The Beach House (2019) (TVM)

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The beach house is not so much a place as a state of mind. Caretta (Minka Kelly) is a successful copywriter at a Chicago advertising firm but when she loses her job to her colleague and boyfriend she returns to South Carolina to Primrose Cottage, the beach house holiday home she thought she’d left behind.  She has rejected her Southern roots having left 15 years earlier, never wishing to go back until her mother Lovie (Andie McDowell) lures her there for a week in the summer. Lovie has taken in a young woman Toy (Makenzie Vega) whose family has thrown her out due to an unplanned pregnancy. Toy’s presence makes Caretta bristle with jealousy.  Flo (Donna Biscoe) helps out with the house and along with Lovie assists other locals to rescue wild loggerhead turtles during their spawning cycle but Caretta feigns disinterest in the area and the environment. She has not inherited her mother’s love of the place.  It is the only place I have ever felt like myself, says Lovie. It is my home. As Caretta helps repair the shabby house she renews acquaintance with an old boyfriend Brett Beauchamps (Chad Michael Murray) who has built up his boating business and never wants to leave.  Secrets soon start to emerge, starting with brother Palmer (Donny Boaz) who lives in the family home two hours away with his wife and children and who only sees dollar signs at the beach house which Lovie discovers he has mortgaged behind her back after leaving him to handle her finances. He has inherited far too much of his late father’s character and the brother and sister’s sibling rivalry reappears.  Eventually the rhythms of the island open Caretta’s heart in wonderful ways but she discovers that her mother has only one summer left to live and just prior to her unhappy marriage had a relationship of true love that could yet yield a welcome outcome … This may come as a surprise but not everyone wants to spend their day staking turtle rods. Executive produced by Andie McDowell, this adaptation by Maria Nation of Mary Alice Monroe’s almost literal fish out of water 2002 novel is so gorgeous that you may find yourself actively contemplating a picturesque death by the seaside, and not for the first time, when you consider that it is basically the adopted daughter of Beaches. Beautifully shot (by Peter Wunstorf), paced and performed, it’s skilfully handled by storied editor/writer/director/producer Roger Spottiswoode.  Lovely entertainment for a September Sunday. I’m still me, aren’t I?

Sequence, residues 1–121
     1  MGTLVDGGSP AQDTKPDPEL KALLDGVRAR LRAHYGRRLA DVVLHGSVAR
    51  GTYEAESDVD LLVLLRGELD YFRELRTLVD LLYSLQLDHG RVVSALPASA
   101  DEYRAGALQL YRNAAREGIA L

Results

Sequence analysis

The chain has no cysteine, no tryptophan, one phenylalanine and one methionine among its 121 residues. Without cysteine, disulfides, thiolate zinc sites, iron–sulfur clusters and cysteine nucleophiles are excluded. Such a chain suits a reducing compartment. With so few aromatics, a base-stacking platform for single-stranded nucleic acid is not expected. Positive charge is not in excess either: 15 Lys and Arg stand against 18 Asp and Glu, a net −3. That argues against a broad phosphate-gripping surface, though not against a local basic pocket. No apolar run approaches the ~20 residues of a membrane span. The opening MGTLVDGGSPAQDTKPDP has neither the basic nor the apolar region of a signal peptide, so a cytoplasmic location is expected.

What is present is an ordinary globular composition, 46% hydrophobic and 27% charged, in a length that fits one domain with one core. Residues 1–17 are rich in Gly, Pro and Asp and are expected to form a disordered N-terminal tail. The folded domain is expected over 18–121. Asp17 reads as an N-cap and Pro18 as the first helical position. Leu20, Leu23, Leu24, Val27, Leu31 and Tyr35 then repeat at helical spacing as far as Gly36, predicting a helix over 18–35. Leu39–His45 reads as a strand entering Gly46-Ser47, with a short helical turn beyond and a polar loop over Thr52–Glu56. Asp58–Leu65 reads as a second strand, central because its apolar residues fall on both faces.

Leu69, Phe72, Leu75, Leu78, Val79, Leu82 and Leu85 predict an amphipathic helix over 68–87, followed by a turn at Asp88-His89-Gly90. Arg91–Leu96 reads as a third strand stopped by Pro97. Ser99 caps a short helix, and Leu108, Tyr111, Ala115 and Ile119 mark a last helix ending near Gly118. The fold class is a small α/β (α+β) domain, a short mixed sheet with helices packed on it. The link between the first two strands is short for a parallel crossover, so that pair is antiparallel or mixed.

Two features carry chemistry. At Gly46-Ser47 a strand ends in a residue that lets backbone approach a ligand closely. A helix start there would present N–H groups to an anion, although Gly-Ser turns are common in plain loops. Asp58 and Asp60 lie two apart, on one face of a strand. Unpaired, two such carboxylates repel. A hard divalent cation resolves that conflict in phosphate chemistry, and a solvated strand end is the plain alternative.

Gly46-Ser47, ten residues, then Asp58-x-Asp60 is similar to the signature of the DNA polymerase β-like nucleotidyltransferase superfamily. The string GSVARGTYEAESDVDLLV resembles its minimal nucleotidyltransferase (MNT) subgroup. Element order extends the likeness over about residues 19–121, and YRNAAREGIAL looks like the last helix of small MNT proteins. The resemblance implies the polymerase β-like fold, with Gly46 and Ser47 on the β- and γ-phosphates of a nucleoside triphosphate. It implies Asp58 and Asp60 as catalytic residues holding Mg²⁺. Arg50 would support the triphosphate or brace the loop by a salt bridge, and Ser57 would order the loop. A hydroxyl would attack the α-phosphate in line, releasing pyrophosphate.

48 HRS (1982)

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I wanna know what the fuck this is all about! I gave you 48 hours to come up with somethin’ and the clock’s runnin’! Renegade San Francisco cop Jack Cates (Nick Nolte) pulls bank robber Reggie Hammond (Eddie Murphy) from a federal prison on a 48-hour leave to help him capture Hammond’s old partner, Albert Ganz (James Remar). After escaping from a prison work crew where he shot up two of the guards, Ganz is on a killing spree around San Francisco, on the trail of half a million dollars that went missing after one of his robberies. The cocky Reggie knows where the money is, but spars with the hotheaded Jack as he enjoys his temporary freedom…  I’ve been in prison for three years. My dick gets hard if the wind blows. The great screenwriter turned director Walter Hill surrenders full tilt boogie to the action genre and makes one of the best films of the Eighties with this tough buddy movie starring one of the best double acts to ever appear on screen:  Nolte’s gruff cop to Murphy’s fast-talking crim provides an exercise in contrast and juxtaposition – straight/funny, white/black, law/disorder- with their fast prolix exchanges both profane and meaningful as they find each other on the same side. The scene in the redneck bar is justly famous but the tone and thrust of the entire muscular narrative is warm and funny, characterful and plain, overtly racist and sexist, in a constant battle of oneupmanship. This was Murphy’s big screen debut and it made him a star. It all plays brilliantly, with Remar making a return visit to Hill territory following The Warriors and the city of San Francisco provides the stylish stomping ground while Annette O’Toole is Nolte’s love interest, Elaine. Written by Roger Spottiswoode, Hill & Larry Gross and Steven E. DeSouza, this is the basic cop-buddy template, the mother of all action comedy. Now, get this! We ain’t partners. We ain’t brothers. And we ain’t friends